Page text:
You know what's interesting is that the level of nonprofit managerial skill at IT is increasing. I'm seeing NYU Wagner graduates who are pretty proficient at using Salesforce.com and know how to structure data correctly so that reports come out. It's not impossible these days to find nonprofit managers who know how to at least structure flat tables in a spreadsheet these days or know how to create Excel charts.

    That said, in the case where you simply can't buy another software package without making sense of the ones you've already got, it's clear that a programmer is a better bet. I don't believe they'll ever be commodities in the same way sys admins will be simply because there ARE cases when custom development will make sense over buying a software package. Oddly, the proliferation of open APIs will make programmers more valuable as the opportunities to interconnect software packages increase.

  • On 02.07.09 Bill said:

    I am sure there is a new generation of graduates and non-profit managers that are quite computer literate, I am not sure that is the norm yet though. Also I am not making the case for system admins vs. a programmers — i just find a disconnect between the idea that a programmer fits the "jack of all trades" profile that you say is a necessity. I find most programmers to be the most 'focused' peole I know in IT. Often, too focused to do the generalist work that might be needed or to bring their eyes up to the 20,000 foot level that might be needed to direct IT initiatives.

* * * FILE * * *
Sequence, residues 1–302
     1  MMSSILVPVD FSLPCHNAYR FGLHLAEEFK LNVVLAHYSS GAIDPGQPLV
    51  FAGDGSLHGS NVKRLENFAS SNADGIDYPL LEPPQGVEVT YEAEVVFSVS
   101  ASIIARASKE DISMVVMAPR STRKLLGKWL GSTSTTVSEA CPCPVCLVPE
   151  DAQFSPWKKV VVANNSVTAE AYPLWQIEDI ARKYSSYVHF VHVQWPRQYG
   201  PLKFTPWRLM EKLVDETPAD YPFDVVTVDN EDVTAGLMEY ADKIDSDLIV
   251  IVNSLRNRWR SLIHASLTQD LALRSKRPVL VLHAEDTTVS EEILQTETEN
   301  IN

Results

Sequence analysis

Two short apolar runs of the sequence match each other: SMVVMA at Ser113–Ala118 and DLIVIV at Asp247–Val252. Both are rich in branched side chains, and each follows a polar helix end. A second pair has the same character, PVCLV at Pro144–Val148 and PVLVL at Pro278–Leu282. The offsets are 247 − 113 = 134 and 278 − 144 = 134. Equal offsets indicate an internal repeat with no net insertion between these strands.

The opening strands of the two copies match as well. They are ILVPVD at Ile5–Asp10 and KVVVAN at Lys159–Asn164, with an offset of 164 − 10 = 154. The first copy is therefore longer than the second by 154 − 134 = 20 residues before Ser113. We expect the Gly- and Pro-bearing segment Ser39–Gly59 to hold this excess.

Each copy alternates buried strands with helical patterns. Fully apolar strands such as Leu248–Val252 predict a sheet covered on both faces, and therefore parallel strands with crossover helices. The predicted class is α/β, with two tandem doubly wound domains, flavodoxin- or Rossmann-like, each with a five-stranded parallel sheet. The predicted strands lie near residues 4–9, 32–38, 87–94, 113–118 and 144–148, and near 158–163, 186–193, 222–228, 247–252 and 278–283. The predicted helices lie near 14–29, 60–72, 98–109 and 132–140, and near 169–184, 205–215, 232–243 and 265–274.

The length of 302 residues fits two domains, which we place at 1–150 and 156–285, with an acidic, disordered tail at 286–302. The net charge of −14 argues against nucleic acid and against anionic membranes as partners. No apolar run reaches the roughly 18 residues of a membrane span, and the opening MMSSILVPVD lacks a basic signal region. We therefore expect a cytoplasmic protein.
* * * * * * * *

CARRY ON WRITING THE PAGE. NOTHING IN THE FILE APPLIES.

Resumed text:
It really depends on the aptitude of the non-profit managers above the IT person and the organization, which means that there may not be a one size fits all recommnedation on what your first IT hire should be.

  • On 02.09.09 Laura Quinn said:

    Love it! This is great. I do miss, though, more focus on communications – email especially. I don't have a great suggestion as to where it would go (maybe as part of the CRM piece?), but I think proactive communications is something that nonprofit technologists spend a lot of time on.

  • On 02.09.09 Allan Benamer said:

    Thanks, Laura. Yes, I was hoping to add on the direct mail piece in the CRM section. Direct mail is important to techies. It's part of how the IT cost center becomes a revenue generator.

  • On 02.09.09 Allan Benamer said: